It also stipulated that there should be no possibility of automatically increasing credit limits. The RBI said the cost of digital loans must be disclosed to the borrower in advance. The Central Bank has also submitted a list of recommendations to the government, including the enactment of a law prohibiting unregulated lending activities, among others.

Earlier, the Enforcement Directorate (ED), India’s law enforcement agency, had written to the RBI requesting the cancellation of NBFC’s licenses related to Chinese lending apps in the area of ​​digital lending. . It had supported several registered FIRs in India and registered cases against over 400 mobile apps and 50 NBFCs under the Prevention of Money Laundering Act (PMLA).

It is mandatory to store all data regarding fintech companies in India. However, TV Mohandas Pai, chairman of Aarin Capital Partners, pointed out earlier that “in big Chinese companies, the Communist Party has taken a stand and kicked out the founders.” He further stated that “there is total government control and takeover and that means how the data resides, what they do, how they do it, is part of spying, is it part of something we will never know”.

In April, the RBI task force found 600 illegal loan applications. Observers have pointed out that undetected cases could be even higher and have multiplied during the pandemic crisis period. There is evidence that these are well-coordinated regionally and linked to other nodes of illicit Chinese activity. With the rise in cases of digital fraud, the central bank is now reviewing “know your customer” (KYC) standards to identify shortcomings and close the gaps.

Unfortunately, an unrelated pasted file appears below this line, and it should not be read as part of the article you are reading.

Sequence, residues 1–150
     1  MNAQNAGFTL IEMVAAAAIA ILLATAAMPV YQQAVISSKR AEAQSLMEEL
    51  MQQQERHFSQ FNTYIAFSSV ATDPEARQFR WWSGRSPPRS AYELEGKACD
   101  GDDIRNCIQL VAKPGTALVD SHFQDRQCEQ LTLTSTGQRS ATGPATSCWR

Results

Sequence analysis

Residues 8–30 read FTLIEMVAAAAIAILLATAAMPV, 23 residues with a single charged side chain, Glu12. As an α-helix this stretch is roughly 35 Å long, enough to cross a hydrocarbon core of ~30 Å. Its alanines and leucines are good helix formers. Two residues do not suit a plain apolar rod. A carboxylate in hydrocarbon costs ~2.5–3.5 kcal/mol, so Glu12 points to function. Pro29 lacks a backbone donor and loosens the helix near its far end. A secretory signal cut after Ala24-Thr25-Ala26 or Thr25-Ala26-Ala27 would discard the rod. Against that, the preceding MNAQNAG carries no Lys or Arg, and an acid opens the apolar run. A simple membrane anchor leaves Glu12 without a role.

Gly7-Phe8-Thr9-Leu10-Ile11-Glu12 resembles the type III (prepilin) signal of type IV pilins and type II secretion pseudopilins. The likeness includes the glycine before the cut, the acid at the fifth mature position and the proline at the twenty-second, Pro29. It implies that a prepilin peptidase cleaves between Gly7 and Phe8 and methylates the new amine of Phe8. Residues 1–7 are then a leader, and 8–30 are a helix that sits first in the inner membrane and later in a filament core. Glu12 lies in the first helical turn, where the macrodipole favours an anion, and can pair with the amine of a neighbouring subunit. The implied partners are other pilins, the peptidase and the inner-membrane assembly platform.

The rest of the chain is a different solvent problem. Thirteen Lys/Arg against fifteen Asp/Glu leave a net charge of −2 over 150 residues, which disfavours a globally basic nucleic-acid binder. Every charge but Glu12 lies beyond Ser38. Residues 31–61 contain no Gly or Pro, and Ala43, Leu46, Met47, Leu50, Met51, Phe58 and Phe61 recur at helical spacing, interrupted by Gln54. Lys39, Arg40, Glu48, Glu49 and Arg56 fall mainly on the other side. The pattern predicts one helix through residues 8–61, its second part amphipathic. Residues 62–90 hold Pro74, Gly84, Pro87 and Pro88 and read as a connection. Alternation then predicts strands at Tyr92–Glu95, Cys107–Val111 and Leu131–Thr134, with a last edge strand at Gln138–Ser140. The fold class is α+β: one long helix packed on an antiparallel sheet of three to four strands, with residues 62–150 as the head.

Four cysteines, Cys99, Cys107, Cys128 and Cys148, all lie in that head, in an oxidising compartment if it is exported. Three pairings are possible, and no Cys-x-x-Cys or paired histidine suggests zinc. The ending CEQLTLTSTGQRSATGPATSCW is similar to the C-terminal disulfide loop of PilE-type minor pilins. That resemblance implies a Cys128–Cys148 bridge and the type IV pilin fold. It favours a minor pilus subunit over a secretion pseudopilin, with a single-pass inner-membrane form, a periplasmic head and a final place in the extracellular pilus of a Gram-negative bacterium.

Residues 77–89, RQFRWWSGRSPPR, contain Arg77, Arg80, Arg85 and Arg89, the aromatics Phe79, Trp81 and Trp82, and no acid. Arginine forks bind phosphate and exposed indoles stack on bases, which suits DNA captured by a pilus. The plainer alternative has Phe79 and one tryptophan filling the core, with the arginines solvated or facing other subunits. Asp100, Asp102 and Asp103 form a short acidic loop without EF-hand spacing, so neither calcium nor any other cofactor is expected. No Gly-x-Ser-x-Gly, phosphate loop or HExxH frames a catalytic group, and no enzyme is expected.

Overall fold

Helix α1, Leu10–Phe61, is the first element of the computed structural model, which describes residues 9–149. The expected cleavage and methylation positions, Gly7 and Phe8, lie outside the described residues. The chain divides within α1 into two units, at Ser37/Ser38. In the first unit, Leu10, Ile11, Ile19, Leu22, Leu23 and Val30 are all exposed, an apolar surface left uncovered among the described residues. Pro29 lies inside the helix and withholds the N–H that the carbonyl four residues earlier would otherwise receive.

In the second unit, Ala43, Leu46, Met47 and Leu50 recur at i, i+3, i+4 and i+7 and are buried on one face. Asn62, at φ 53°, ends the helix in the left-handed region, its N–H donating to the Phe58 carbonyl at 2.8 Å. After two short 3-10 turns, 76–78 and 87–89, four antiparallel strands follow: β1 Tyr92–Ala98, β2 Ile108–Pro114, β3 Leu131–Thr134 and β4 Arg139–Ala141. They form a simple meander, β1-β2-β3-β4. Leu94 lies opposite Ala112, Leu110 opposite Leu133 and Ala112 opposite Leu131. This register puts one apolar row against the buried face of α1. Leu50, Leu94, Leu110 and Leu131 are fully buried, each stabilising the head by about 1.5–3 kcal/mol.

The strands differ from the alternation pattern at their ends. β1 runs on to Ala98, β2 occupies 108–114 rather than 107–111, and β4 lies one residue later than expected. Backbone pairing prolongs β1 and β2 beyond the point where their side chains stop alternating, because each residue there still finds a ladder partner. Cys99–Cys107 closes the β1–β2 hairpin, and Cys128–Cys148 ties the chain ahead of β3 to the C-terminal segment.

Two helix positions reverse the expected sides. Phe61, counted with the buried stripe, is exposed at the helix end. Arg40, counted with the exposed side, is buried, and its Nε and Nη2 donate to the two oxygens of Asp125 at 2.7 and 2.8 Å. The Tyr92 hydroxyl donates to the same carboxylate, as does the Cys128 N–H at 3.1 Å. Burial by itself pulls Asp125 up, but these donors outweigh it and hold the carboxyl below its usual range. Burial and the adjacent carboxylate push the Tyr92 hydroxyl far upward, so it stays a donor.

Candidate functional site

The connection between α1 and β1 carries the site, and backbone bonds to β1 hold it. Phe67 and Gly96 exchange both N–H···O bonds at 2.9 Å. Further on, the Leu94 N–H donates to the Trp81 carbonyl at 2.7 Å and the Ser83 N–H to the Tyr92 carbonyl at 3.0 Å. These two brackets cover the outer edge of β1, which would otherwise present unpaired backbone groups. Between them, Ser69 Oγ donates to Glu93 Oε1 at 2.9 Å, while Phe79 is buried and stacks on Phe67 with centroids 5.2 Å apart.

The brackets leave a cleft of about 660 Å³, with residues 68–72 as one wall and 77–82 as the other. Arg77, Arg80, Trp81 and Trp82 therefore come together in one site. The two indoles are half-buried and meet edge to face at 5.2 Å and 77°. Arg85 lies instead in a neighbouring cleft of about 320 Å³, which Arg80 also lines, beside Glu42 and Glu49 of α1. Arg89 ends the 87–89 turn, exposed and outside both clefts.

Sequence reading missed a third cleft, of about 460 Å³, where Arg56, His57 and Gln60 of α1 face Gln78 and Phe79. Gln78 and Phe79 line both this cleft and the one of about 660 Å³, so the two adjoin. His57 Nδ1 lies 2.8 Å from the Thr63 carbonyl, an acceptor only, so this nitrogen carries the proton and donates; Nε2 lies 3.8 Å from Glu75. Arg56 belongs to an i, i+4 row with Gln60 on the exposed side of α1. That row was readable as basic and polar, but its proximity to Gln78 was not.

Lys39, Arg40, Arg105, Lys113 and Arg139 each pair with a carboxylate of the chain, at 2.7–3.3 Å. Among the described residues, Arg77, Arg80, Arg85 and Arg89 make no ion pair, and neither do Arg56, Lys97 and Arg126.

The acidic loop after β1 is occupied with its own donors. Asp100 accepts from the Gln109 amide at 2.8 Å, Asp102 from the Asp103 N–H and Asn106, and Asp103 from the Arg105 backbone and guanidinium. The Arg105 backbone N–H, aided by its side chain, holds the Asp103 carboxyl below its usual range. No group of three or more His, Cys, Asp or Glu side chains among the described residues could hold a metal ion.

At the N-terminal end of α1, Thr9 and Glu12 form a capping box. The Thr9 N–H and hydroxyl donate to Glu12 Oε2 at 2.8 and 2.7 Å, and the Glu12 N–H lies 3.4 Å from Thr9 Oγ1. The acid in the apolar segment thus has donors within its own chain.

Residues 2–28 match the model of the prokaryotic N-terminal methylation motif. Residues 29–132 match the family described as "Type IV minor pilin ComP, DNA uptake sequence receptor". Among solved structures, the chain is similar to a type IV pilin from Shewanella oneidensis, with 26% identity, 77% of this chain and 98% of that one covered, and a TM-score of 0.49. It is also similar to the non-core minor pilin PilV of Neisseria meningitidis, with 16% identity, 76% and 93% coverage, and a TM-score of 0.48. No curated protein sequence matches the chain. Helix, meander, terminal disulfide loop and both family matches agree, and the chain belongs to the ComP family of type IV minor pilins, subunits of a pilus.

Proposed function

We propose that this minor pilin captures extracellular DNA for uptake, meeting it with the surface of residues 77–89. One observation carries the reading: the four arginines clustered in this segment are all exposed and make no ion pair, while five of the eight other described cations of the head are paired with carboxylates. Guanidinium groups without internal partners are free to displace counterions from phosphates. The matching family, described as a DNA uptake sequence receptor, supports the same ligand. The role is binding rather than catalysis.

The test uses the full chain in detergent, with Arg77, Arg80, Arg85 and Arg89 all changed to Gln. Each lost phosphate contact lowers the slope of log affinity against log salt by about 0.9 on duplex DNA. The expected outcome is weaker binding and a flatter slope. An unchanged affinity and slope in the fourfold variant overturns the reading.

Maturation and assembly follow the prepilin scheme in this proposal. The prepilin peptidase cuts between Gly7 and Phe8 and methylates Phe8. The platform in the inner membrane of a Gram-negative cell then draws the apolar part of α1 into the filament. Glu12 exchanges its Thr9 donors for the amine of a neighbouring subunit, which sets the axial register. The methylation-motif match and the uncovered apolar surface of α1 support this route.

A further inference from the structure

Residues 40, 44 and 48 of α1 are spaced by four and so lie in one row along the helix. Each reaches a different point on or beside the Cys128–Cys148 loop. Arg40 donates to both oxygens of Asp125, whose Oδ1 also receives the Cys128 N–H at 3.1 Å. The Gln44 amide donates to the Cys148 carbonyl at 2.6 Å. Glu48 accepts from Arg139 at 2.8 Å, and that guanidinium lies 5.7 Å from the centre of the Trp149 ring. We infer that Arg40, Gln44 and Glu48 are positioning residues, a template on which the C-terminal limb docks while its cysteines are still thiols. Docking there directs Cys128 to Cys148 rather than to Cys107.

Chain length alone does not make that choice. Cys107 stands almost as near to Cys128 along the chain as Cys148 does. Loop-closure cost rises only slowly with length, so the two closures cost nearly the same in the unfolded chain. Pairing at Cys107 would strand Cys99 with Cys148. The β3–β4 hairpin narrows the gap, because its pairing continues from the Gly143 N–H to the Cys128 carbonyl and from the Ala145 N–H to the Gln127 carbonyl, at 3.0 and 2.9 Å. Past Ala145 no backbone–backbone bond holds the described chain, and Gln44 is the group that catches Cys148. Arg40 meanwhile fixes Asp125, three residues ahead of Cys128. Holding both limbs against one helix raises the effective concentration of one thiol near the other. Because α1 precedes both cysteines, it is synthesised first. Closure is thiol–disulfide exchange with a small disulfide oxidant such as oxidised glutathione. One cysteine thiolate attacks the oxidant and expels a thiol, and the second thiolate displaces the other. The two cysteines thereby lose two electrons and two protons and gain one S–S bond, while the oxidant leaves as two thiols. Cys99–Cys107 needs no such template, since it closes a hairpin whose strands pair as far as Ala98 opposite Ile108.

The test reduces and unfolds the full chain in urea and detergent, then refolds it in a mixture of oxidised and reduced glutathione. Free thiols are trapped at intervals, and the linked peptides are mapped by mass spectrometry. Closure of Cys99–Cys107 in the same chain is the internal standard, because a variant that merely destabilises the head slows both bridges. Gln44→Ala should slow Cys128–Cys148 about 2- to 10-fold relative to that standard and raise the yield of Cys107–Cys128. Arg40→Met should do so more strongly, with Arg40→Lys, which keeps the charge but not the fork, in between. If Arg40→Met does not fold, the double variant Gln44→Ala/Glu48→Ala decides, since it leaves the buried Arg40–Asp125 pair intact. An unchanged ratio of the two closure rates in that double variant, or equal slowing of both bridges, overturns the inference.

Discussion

Chinese scammers are often notorious for snagging unemployed youth and financially challenged lower sections of society, who become easy prey for syndicates and criminal gangs. They conduct scam operations illegally in many countries. Several such cases have been detected and these illegal activities have increased over time in all neighboring countries of China such as Cambodia, Vietnam, etc.

In a recent crackdown, sparked by a series of midday reports, Nepalese police in Kathmandu raided illegal call centers and arrested 190 people, including five Chinese nationals and two Indians, for extorting money to Indian borrowers through instant loan applications.

Nepalese intelligence agencies have expressed serious concerns over the use of Nepalis by Chinese nationals to carry out cybercrimes targeting Indians. Illegal call centers have been set up in Kathmandu and other areas by Chinese people, luring locals with handsome salaries and commissions, to do the dirty work of extorting money from Indians through calls abusive and obscene photos.

In fact, alarm bells are ringing in Nepal over the growing presence of Chinese nationals and their role in illegal activities targeting India. Over the past seven years, Nepal has deported more than 1,500 Chinese nationals to their home countries for their alleged involvement in illegal activities. In December 2019, Nepalese authorities exposed an illegal call center linked to mobile loan applications and arrested 120 Chinese nationals.